Kingdom Come: Deliverance turns you into a rowdy RPG boy

Medieval fratbros.

Last year, when I covered Kingdom Come: Deliverance at E3, Warhorse’s presentation focused mostly on the truly bonkers level of accurate medieval detail in the game’s combat, equipment, map, photogrammetry-replicated monastery walls, manure piles, etc. It was a medieval history scholar’s dream (hello, I used to be one) and showed its developers embracing the kind of delicious nerdery that I can’t help but respect.

This year’s E3 presentation focused more on the “RPG that does RPG things you expect an RPG to do” aspect of the game— like cutscenes, quests, story, rowdy-boy teen protagonists, disapproving parents who are fated to die horrifically after the tutorial section of the game, etc. To be honest, it was a bit of whiplash for me, since Kingdom Come has previously occupied the same corner of my brain where I keep all the stuff I learned in college about medieval manuscript marginalia, the history of the Catholic bible, and the economy of early modern England. But yeah, I can now confirm: KC:D is going to be a RPG-ass RPG that does the RPG stuff we all know and love, and it’s going to do it in a pretty traditional way!

In KC:D, you’ll play Henry, the hard-drinking, hard-partying son of the town blacksmith in Silver Skalitz (a town which, like everything in the game, actually existed in actual history). The presentation Warhorse showed us before we started to play the demo featured a short trailer where Henry repeatedly shouted about how his parents had been killed by an evil dude, so the moment I saw them in the demo, I could see the deadly miasma of “RPG protagonist parent” hanging around them. Henry’s dad is a master wordsmith with a secret backstory we do not learn in the demo; he is currently forging the “best sword” he’s ever made for some knight dude I did not get to meet. Everyone in town is gossiping about some deadly warpolitics stuff that had recently occurred in the region. It felt very familiar to me!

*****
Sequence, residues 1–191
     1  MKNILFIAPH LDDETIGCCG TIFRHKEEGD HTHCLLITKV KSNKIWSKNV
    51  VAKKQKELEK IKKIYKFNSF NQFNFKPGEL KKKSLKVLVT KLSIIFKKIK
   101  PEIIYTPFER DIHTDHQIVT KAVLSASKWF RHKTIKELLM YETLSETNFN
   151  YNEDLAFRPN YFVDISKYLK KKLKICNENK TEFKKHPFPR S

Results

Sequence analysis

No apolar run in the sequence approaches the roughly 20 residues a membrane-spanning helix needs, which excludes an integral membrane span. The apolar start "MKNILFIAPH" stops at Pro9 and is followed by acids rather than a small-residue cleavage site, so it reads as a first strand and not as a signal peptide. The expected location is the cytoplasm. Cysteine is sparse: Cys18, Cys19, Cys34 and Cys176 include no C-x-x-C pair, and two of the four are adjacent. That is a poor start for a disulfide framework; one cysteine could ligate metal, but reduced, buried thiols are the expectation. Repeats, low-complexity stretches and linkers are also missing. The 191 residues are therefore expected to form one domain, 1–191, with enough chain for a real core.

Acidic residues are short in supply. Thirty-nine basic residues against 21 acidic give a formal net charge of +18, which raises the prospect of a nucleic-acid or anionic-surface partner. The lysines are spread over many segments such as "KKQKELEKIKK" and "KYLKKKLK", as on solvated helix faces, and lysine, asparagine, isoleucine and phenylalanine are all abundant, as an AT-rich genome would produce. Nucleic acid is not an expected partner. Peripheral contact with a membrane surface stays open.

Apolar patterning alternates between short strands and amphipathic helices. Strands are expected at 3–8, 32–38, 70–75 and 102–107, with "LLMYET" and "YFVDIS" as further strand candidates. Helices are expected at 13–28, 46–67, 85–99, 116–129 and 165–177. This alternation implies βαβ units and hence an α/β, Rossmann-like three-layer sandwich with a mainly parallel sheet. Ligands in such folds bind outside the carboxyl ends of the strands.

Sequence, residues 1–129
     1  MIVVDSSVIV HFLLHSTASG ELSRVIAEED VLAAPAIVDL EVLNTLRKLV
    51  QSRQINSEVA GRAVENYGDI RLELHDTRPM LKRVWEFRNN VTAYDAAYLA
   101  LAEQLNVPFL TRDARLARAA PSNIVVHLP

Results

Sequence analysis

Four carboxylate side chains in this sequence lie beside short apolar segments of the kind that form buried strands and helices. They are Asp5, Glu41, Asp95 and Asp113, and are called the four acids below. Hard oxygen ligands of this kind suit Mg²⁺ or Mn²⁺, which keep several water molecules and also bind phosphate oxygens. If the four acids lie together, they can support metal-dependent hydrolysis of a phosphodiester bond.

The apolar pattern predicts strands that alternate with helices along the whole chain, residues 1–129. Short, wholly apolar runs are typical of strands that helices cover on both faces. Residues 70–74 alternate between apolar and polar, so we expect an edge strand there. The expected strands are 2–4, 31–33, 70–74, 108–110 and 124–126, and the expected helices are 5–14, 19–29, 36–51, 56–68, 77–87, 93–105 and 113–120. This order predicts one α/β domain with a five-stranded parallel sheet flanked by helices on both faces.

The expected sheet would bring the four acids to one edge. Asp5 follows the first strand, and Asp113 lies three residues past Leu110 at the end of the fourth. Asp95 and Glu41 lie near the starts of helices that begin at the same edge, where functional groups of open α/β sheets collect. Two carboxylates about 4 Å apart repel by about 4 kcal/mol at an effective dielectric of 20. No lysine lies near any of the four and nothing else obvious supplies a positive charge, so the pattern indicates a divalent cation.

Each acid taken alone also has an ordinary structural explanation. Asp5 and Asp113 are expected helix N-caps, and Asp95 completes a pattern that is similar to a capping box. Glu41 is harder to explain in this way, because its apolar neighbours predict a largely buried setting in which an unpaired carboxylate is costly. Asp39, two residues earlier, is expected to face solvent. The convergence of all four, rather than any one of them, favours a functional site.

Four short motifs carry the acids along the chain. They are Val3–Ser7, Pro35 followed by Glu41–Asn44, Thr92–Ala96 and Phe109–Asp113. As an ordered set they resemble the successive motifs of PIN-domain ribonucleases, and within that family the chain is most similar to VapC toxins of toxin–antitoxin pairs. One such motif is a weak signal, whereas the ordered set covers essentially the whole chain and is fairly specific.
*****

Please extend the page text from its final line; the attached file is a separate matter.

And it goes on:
This predictable stuff aside, though I was impressed by the work that went into making sure I understood the major nobles involved in the local political struggle, making sure I understood whose side I was supposed to be on, and making sure I agreed with protagonist’s political stance. The region the game takes place in was, at this time, divided into many small territories with many small kings. Henry’s king, Wenceslas, has been kidnapped by another king (a German one!) who is now threatening to take over the region. Wenceslas apparently sucks, though, and the game made sure I understood why someone might approve of the invading German potentate. They also made sure I understood why someone might support Wenceslas, even though he’s a drunken loser who refuses to do his job properly.

As someone who studied super-weird long-ago medieval politics at one point in my life, I seriously appreciate the kind of effort that goes into making a historical political situation intelligible to an audience. These developers don’t get to massage this story’s world into a more palatable state— they have to adapt actual history into something fun, and I imagine that’s pretty hard when the history you’re dealing with is extremely old and extremely local.